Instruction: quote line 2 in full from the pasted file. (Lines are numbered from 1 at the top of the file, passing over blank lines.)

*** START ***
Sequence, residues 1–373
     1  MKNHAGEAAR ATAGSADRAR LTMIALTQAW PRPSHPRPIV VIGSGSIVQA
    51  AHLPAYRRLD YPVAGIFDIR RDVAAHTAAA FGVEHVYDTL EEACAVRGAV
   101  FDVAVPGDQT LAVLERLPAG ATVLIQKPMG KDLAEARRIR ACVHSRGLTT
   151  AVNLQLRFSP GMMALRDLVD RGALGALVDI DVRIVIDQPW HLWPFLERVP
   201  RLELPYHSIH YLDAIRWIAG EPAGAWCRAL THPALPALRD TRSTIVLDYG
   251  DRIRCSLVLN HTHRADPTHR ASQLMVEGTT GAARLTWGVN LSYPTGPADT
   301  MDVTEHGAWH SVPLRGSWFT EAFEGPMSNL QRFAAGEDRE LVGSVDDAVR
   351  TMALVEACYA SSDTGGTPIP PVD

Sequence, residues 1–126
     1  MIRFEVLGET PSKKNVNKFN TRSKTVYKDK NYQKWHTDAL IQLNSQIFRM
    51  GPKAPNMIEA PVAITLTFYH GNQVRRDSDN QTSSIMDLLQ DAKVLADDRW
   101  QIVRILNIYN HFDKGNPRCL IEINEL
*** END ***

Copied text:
     1  MKNHAGEAAR ATAGSADRAR LTMIALTQAW PRPSHPRPIV VIGSGSIVQA